- Title: SPAIN: Catalonia call independence vote despite Scottish 'no'
- Date: 19th September 2014
- Summary: CAMACHO LEAVING BARCELONA, SPAIN (SEPTEMBER 19, 2014) (REUTERS) PRO-INDEPENDENCE SUPPORTERS OUTSIDE CATALAN PARLIAMENT BUILDING SIGN READING: "PARLIAMENT OF CATALONIA" CATALAN SEPARATISTS CHANTING "WE WILL VOTE" BEHIND BANNER READING "NOVEMBER 9, WE WILL VOTE" PEOPLE CHANTING "WE WILL VOTE" PEOPLE CHANTING "INDEPENDENCE" WOMAN WEARING CATALAN SEPARATIST "ESTELADA FLAG" AROUND HER HEAD CHANTING "INDEPENDENCE" VARIOUS OF PEOPLE CHANTING "INDEPENDENCE" OUTSIDE PARLIAMENT CATALAN SEPARATIST FLAG / FLAG SHOWING BALLOT (SOUNDBITE) (Catalan) SEPARATIST, JORDI JORDA, SAYING: "The leading party - which I didn't vote - is doing things wonderfully. They are gathering the Catalan parties together in what has become a very important and necessary thing to do due to the social urgency we have here in Catalonia." (SOUNDBITE) (Catalan) SEPARATIST, ISABEL BRUGLAS, SAYING: "This is one more step towards what we want to do and will do, whether the outcome is 'yes' or 'no'. We have been waiting for this for 300 years and it is time." PEOPLE CHANTING 33 (SOUNDBITE) (Catalan) SEPARATIST, FRANCESC PALLARS, SAYING: "I would ask people to not step back. We have to make our country work. We are a lot of peaceful people and there is no other option than voting on November 9. But people must not step back." 34 VARIOUS OF CROWD OUTSIDE PARLIAMENT
- Embargoed: 4th October 2014 13:00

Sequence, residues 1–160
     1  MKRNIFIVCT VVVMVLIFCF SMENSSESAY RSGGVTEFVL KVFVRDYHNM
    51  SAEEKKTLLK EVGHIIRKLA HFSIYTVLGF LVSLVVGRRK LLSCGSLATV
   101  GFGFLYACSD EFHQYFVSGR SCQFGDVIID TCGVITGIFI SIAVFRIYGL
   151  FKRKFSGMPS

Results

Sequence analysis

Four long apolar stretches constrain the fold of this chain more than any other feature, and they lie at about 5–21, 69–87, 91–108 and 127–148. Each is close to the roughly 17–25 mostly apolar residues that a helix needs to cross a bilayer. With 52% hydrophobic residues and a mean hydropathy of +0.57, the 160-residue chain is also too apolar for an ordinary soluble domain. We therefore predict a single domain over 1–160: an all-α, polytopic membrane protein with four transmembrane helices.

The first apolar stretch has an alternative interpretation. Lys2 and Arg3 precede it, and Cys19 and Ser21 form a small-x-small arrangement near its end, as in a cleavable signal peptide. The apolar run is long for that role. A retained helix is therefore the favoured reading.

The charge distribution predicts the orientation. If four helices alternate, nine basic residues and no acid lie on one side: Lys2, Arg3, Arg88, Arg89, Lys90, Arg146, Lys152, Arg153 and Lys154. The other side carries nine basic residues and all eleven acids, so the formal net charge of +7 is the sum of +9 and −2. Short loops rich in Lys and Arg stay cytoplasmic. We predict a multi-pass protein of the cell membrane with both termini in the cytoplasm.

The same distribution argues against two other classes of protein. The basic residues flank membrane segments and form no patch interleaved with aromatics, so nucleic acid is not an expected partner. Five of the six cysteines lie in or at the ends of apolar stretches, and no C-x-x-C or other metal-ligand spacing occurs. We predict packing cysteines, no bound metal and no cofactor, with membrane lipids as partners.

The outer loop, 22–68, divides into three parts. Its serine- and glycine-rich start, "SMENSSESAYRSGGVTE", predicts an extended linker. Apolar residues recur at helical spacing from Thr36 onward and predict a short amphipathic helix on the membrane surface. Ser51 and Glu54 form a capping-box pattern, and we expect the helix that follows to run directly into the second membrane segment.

- Location: Spain
- Country: Spain
- Topics: Politics
- Reuters ID: LVA8XE3P1CROC6WPPO7P0YQE4492
- Story Text: The parliament of Catalonia on Friday (September 19) voted in favour of holding a non-binding consultation on independence, defying the government of centre-right President Mariano Rajoy who says the vote is illegal under the terms of the Spanish constitution.
Earlier on Friday, the leader of Spain's Catalonia region Artur Mas said he would defy Madrid to hold the vote in less than two months, saying his people deserved the same right to determine their future as Scots who voted to stay in Britain.
With its own language and culture, and a long-standing pro-independence movement that has gathered momentum in recent years of economic hardship, Catalonia has sought a referendum on independence similar to the one held in Scotland on Thursday (September 18).
Unlike London, which allowed the Scottish vote, Madrid says even a non-binding referendum would violate the Spanish constitution and has pledged to block it in the courts.
Spanish political leaders, including Rajoy and Socialist opposition leader Pedro Sanchez, hailed the Scottish "no" vote and said the outcome demonstrated the value of unity for Spain.
The government opened the door on Friday to revising how Spanish regions are financed but said any such move would not be linked to the Catalan independence movement.
Mas denied that the Scottish rejection of independence had hurt the Catalan secessionist cause..
The bill passed in the Catalan regional government, regional MPs said, gives Mas the power to call a non-binding referendum. Mas said he would sign it and would hold the vote on November 9.